UH Cleveland Medical Center Exploring New Way to Treat Metastatic Colorectal Cancer

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Innovations in Digestive Health | Winter 2022

Oncologists use immunotherapy to treat certain types of cancers, such as melanoma, with good success. However, to date, these therapies have not been as effective for the majority of patients with colorectal cancer (CRC).

Hoping to change that is J. Eva Selfridge, MD, PhD, a hematologist and oncologist at University Hospitals Cleveland Medical Center. Dr. Selfridge is continuing the work of UH’s David Wald, MD, PhD, Associate Director for Basic Research at the Wesley Center for Immunotherapy at UH Seidman Cancer Center, who found that natural killer (NK) cells in the immune system might offer an option for treating metastatic CRC.

J. Eva Selfridge, MD, PhDEva Selfridge, MD, PhD

Enhancing the effectiveness of the immune system

“We know that immune therapies, which either activate or suppress the immune system, have a huge benefit in some types of solid tumors,” Dr. Selfridge says. “In some cases, by stimulating the immune system, patients who may have died from stage IV metastatic cancer can actually be cured. That’s our ultimate goal, but we realize we have to take baby steps.”

To that end, Dr. Selfridge is enrolling patients in a phase 1b clinical trial to study the efficacy of NK cells in combination with other medications. The hope is that NK cells will make the body’s immune system more reactive to CRC by changing the signaling pathway in the tumor itself and making it more sensitive to immune therapies.

“One way to do this is by targeting the Transforming Growth Factor Beta [TGF-β] pathway,” she says. “We know that in solid tumors, especially CRC, the TGF-β pathway naturally promotes cancer cell growth, proliferation and metastases.”

Early attempts to use NK cells were challenging due to a lack of clinical-grade NK manufacturing platforms and the need to find suitable matching NK cell donors. However, Dr. Wald found that precise matching was not biologically necessary, and mismatched NK cells might even offer a better response against tumors. He developed a novel way to quickly grow large numbers of clinical grade NK cell therapy products from healthy universal donors.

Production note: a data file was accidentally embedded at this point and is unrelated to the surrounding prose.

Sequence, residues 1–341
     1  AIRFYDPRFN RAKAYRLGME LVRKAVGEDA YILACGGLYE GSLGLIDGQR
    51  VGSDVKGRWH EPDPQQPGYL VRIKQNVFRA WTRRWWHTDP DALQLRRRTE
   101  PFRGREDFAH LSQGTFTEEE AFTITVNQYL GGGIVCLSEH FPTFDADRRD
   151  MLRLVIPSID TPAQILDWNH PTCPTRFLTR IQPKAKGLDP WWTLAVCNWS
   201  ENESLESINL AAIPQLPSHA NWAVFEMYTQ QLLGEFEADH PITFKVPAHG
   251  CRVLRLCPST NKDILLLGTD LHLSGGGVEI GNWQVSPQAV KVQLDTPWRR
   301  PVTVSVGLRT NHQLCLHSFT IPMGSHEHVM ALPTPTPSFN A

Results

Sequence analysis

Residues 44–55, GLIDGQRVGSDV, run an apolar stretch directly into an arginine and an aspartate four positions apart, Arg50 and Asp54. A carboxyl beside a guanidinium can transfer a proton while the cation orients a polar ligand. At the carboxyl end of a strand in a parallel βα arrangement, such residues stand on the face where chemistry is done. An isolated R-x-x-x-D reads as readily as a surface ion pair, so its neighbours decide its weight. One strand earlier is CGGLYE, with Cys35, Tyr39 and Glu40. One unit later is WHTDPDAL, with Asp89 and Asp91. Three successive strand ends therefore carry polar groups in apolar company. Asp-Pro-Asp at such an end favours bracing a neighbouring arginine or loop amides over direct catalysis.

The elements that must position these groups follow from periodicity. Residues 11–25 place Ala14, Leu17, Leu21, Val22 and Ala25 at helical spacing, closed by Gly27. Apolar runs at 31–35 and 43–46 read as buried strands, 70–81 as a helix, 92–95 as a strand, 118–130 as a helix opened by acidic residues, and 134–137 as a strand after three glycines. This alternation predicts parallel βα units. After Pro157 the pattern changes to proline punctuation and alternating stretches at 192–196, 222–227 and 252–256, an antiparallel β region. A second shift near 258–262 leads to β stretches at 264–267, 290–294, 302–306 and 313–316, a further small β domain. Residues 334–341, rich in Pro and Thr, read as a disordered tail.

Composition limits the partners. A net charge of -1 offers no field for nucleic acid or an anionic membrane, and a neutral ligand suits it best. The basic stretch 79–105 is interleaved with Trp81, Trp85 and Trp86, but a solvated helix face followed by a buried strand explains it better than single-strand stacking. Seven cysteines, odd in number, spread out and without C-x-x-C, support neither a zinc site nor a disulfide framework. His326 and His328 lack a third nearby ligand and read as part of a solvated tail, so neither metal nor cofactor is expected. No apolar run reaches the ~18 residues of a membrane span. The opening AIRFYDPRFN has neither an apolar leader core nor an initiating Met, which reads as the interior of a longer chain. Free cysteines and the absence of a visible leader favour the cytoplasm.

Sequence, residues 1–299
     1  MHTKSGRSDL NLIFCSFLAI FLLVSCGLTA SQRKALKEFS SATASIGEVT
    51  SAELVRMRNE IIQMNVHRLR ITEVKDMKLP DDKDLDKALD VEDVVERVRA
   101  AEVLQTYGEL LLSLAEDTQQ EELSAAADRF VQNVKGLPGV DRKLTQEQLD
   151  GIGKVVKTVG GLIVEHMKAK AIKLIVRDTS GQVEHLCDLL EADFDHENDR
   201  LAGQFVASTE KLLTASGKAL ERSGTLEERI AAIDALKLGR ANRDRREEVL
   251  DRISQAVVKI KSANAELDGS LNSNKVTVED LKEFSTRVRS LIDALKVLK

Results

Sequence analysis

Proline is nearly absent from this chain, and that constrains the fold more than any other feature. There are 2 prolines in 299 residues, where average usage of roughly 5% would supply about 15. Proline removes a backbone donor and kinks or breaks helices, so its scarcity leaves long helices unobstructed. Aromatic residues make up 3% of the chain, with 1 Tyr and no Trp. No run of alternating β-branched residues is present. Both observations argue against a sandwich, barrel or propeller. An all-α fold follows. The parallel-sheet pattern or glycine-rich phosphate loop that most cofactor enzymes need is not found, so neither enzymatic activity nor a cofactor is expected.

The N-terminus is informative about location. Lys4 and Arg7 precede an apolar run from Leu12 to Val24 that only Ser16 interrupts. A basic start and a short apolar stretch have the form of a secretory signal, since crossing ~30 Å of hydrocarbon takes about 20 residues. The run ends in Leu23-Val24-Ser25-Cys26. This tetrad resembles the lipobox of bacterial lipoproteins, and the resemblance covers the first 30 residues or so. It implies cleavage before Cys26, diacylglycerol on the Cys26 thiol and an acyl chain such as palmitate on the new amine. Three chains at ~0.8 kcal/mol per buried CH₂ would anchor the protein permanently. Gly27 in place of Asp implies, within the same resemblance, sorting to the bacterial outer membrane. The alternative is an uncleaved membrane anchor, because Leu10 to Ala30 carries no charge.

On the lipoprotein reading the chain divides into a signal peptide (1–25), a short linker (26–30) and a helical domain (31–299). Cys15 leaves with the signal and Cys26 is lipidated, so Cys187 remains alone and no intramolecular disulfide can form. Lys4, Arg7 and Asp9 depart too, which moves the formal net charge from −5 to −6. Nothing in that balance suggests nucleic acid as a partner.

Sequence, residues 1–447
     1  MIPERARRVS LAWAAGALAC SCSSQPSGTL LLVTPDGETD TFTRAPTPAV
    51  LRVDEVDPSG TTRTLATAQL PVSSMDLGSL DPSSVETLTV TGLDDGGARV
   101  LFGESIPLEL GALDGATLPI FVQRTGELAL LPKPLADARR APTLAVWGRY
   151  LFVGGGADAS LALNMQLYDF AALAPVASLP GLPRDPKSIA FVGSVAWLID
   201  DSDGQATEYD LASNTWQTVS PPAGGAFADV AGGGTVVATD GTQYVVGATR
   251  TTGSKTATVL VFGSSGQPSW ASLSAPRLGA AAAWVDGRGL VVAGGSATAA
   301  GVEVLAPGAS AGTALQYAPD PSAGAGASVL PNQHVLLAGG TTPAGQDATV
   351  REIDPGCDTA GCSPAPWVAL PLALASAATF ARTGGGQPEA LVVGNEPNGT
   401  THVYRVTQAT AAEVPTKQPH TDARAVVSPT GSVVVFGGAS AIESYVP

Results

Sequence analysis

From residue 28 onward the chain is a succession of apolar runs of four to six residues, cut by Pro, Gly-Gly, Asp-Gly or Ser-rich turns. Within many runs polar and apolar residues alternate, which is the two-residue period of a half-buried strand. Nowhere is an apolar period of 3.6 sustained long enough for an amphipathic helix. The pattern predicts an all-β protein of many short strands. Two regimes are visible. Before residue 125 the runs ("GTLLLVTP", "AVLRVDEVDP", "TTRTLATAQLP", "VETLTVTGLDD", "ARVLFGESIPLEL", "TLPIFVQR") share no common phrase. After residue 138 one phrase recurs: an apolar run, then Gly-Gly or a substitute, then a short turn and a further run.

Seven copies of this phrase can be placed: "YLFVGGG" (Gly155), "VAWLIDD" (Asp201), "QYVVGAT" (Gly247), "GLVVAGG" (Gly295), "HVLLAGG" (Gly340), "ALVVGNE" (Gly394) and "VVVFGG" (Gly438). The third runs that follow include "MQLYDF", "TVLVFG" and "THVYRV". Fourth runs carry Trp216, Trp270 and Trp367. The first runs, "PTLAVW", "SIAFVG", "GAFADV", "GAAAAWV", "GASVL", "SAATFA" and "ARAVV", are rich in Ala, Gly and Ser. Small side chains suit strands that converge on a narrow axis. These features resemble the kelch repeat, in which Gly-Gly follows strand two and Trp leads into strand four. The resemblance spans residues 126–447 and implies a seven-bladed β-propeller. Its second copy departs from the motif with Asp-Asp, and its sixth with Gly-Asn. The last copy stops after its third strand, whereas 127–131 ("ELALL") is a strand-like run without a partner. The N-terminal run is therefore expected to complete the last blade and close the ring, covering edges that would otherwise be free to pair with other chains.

“We already have data we’re ready to publish that shows universal donor NK cells are safe for patients with malignant CRC tumors, and some patients even had a positive clinical response,” Dr. Selfridge says. “However, because this was the first time we were using Dr. Wald’s platform in humans, we couldn’t use NK cells with cytokines, which help NK cells survive and enhance their cytotoxicity.”

Because the NK cells are proven safe in humans, Dr. Selfridge says the next step is to improve efficacy by infusing them with cytokines so the NK cells don’t die immediately and can actively target the tumor’s unique microenvironment using the TGF-β signaling pathway.

Clinical trial now enrolling patients

Dr. Selfridge is enrolling patients for this clinical trial, which she’ll launch in late March.

“The ideal candidate is a patient who has stage IV CRC and has received at least one or two standard of care chemotherapies,” she says. “The patients need to be healthy enough to participate in the required infusion schedule. We are also enrolling patients with hematologic malignancies, which are probably also driven by this pathway.”

The treatment takes place over one month, Dr. Selfridge says. Patients first receive a small dose of chemotherapy to ensure their immune system doesn’t immediately reject and destroy the NK cells. Then they receive a dose of the NK cell product, along with a subcutaneous injection of endogenous IL-2 cytokines.

Patients also begin taking an oral TGFB receptor I inhibitor called vactosertib. Two weeks later, patients receive a second dose of the NK cells. At the end of the month, patients undergo a tumor biopsy and CT scan to see if the treatment is working.

Dr. Selfridge encourages physicians to refer potential candidates and welcomes patients who learn about the trial to self-refer.

“Of course, we hope the study is effective,” she says, “but if not, we will collect good data on how to make it better.”

For more information about the clinical trial or to enroll patients, call Dr. Selfridge at 216-844-6031.

Contributing Expert:
J. Eva Selfridge, MD, PhD
Oncologist
University Hospitals Seidman Cancer Center
Assistant Professor of Medicine
Case Western Reserve University School of Medicine

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